How bones get their calcium

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brendan928
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How bones get their calcium

Post by brendan928 » Wed Apr 15, 2009 2:46 am

I was wondering how the human body is actually able to separate the calcium from the food ingested from other unwanted minerals and it is able to get the calcium and only the calcium into the bones.

After checking wikipedia, I've found out that bones contain the compound calcium phosphate and that the stomach acid is hydrochloric acid. I also know that the calcium in bone is a base.

Thus, I'm led to believe that the separation occurs somewhere between the intestines and the bones.

I don't know much about the digestive tract after intestines but my assumption is that it goes directly into the bloodstream and is somehow absorbed into the bones.

But I'm mainly concerned about how this calcium separation happens.

If anyone can clarify this for me it would be greatly appreciated.

A college article (or research paper/journal) would also be preferable if possible but is a secondary concern.

Thanks!

Also, I'm aware that this does not apply only for humans but I was unable to find a more suitible place to put this question.

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canalon
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Post by canalon » Wed Apr 15, 2009 3:54 pm

Basicallly the calcium used by the bones comes from the Ca++ in solution, it is absorbed in the intestine and into the bloodstream.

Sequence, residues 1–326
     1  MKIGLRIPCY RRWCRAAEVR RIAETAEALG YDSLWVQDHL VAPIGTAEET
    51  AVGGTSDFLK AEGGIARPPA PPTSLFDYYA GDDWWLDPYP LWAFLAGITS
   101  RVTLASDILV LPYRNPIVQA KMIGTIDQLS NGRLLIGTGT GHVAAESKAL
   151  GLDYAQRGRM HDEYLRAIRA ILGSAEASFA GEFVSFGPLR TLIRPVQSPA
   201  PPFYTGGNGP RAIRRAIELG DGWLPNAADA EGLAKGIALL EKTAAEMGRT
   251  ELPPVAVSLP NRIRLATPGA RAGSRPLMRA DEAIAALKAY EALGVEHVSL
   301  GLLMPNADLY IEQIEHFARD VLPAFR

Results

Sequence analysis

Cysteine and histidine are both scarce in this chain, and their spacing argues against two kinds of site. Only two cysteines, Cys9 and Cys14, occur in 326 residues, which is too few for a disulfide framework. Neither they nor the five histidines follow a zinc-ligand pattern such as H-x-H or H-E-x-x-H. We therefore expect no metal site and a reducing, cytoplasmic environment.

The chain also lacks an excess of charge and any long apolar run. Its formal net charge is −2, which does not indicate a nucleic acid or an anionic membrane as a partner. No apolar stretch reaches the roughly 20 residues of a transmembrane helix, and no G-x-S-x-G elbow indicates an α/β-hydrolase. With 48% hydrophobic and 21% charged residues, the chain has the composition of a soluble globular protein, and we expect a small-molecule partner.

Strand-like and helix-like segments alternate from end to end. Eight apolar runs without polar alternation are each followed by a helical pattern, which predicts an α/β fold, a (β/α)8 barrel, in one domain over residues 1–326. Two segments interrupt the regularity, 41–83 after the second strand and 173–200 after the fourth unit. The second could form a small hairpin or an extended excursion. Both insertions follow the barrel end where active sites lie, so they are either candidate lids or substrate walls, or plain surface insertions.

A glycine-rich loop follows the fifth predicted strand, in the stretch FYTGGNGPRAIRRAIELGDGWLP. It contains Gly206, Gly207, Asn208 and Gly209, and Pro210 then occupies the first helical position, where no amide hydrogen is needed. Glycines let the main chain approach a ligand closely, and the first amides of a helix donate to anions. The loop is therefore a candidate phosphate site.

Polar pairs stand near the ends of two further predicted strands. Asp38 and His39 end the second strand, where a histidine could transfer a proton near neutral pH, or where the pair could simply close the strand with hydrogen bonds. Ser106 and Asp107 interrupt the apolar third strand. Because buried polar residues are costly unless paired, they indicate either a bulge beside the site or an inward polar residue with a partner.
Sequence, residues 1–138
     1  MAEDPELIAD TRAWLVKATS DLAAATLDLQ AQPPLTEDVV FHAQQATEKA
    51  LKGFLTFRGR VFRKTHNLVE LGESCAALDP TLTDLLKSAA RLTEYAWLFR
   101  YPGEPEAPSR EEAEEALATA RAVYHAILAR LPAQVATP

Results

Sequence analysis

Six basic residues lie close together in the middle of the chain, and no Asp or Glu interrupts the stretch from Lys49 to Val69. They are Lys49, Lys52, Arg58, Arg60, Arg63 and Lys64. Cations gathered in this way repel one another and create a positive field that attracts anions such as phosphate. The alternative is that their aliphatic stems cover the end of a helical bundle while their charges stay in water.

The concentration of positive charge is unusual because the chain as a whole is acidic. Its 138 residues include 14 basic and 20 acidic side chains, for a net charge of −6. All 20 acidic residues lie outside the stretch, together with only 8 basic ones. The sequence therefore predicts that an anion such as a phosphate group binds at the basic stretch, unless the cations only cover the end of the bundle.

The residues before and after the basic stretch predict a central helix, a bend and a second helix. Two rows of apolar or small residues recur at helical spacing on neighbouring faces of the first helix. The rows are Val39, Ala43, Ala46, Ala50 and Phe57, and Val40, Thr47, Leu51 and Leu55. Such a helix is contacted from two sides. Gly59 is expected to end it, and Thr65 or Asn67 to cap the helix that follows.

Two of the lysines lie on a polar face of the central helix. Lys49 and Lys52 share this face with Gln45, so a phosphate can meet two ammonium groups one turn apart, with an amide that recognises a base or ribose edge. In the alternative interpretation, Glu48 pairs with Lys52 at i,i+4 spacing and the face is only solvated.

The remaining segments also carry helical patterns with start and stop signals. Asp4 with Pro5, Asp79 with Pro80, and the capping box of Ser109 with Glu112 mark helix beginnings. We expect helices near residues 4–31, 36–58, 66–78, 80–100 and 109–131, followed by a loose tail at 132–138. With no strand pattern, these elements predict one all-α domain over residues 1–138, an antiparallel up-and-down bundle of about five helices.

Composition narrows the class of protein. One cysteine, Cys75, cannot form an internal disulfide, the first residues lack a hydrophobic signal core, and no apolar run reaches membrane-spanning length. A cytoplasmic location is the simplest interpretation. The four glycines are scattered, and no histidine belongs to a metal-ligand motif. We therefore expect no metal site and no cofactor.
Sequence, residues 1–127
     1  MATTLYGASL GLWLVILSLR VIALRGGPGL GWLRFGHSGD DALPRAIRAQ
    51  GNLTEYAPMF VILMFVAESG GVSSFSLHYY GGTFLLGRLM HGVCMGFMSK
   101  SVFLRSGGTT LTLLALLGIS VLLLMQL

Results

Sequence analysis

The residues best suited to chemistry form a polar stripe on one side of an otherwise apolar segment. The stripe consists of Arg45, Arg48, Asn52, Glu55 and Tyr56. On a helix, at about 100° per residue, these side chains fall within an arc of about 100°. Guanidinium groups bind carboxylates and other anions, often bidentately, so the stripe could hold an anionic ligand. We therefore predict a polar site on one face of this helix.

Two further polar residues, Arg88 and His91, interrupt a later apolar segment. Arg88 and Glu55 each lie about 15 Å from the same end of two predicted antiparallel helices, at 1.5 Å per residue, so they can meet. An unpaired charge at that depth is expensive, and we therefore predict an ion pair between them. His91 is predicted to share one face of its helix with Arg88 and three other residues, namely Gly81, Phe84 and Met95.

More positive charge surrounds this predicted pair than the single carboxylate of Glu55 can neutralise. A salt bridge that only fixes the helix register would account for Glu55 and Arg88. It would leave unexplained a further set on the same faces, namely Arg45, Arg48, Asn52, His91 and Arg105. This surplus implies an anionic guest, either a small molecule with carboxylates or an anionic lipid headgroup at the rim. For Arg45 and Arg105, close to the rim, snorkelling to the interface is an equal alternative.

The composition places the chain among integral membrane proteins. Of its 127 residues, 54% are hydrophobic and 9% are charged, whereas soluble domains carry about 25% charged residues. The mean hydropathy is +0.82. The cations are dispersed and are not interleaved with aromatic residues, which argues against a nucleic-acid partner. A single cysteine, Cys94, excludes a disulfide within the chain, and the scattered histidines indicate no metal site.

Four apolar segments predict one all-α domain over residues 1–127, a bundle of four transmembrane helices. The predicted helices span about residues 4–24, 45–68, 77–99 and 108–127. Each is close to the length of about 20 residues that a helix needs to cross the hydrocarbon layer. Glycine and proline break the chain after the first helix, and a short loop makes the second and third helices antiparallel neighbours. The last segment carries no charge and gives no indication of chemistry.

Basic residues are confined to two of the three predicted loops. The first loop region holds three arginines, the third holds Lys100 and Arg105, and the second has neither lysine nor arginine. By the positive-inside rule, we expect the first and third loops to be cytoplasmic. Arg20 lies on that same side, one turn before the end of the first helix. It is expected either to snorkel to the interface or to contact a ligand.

The regulation of the concentration of Ca++ in the blood involved numerous cells as Ca++ is not only useful to build bones, but also as a signal molecule in many different cells. But when there is enough, the cells building bones are going to be able to extract the calcium they need to build the bones and to precipitate it (make it solid) selectively to build bones.

You can start with that:
http://www.dummies.com/how-to/content/b ... by-da.html
Patrick

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any proof. (Ashley Montague)

brendan928
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Re: How bones get their calcium

Post by brendan928 » Wed Apr 15, 2009 11:51 pm

Yes, but how exactly is the calcium-and only the calcium-made to solidify? Is there a certain chemical applied to the blood that allows this, or is it a chemical property of calcium that lets it become solid since it's a metal? If there is a chemical used to solidify the calcium, what would the chemical be?

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canalon
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Post by canalon » Thu Apr 16, 2009 3:00 am

Cells are able to selectively conecntrate ions with protein pumps. Although it is posssible that some other metals that behave similarly to Calcium might be incorporated. But they are pobably less concentrtated in the body, and there is indeen selection of ions both by the osteoblasts and the chemical reaction causing the Ca precipitation.
Patrick

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any proof. (Ashley Montague)

brendan928
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Re: How bones get their calcium

Post by brendan928 » Sun Apr 19, 2009 5:41 pm

After checking the link and wikiing the important words, I've found that it is the Vitamin D that does something to the intestines that increases calcium absorption or something along those lines. Would this be accurate? Also, you mentioned a chemical reaction that precipitates the calcium. What exactly does the calcium react with and is it only the calcium compound that is precipitated?

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